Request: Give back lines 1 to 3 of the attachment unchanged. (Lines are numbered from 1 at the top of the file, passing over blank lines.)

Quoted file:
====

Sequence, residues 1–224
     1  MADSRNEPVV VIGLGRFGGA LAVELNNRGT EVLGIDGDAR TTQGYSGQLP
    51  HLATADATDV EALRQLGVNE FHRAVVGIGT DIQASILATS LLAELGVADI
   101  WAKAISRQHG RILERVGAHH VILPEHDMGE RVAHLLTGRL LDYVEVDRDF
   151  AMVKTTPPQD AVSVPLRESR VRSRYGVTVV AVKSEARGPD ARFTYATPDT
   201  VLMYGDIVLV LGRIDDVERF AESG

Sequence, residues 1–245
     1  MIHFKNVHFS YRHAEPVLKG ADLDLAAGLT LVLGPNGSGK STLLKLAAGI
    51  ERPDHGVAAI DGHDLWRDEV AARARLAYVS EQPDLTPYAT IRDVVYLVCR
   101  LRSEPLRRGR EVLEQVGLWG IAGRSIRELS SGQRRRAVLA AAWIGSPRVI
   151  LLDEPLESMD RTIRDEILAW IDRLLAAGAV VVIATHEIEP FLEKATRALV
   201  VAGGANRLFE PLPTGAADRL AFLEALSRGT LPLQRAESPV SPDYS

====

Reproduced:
Sequence, residues 1–224
     1  MADSRNEPVV VIGLGRFGGA LAVELNNRGT EVLGIDGDAR TTQGYSGQLP
    51  HLATADATDV EALRQLGVNE FHRAVVGIGT DIQASILATS LLAELGVADI